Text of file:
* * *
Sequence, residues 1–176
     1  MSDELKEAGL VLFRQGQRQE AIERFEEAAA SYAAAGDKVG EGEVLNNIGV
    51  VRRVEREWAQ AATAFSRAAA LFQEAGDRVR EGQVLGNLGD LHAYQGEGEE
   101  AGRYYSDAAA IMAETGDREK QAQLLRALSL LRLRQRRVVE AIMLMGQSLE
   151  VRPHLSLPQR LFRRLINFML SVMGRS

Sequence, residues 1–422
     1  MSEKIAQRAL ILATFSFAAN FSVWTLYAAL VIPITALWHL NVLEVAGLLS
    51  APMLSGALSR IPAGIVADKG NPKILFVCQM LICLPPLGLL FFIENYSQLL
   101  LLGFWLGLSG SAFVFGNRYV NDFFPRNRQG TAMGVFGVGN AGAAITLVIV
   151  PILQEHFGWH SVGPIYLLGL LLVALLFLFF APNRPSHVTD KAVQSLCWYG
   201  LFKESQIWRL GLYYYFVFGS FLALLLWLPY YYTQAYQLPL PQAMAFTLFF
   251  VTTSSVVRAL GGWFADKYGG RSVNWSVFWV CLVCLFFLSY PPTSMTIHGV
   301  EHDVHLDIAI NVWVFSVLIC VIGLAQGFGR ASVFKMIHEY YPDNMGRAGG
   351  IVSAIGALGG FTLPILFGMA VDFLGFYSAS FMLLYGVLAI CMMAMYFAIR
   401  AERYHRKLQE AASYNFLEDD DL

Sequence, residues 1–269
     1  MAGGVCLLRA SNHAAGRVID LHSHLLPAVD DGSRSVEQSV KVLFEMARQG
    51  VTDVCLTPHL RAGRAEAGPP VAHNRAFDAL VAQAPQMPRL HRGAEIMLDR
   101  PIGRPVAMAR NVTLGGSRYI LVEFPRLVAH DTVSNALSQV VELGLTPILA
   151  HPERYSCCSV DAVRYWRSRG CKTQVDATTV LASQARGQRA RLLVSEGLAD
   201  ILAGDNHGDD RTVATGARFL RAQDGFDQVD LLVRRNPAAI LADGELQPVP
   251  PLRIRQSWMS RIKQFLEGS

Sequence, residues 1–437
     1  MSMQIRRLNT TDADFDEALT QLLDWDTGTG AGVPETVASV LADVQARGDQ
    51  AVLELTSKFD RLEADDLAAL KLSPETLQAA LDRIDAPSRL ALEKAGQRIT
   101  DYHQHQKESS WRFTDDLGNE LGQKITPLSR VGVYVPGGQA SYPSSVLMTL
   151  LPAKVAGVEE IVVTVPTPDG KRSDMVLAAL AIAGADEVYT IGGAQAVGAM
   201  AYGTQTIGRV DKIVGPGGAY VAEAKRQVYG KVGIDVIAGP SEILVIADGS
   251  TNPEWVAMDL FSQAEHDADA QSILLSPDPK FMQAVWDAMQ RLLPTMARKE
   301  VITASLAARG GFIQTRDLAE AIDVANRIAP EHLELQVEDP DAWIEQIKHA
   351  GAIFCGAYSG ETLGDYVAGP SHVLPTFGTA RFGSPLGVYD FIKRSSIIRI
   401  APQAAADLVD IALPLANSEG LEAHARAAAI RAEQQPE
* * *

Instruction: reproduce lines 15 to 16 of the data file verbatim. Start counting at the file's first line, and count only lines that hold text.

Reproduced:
   401  AERYHRKLQE AASYNFLEDD DL

Sequence, residues 1–269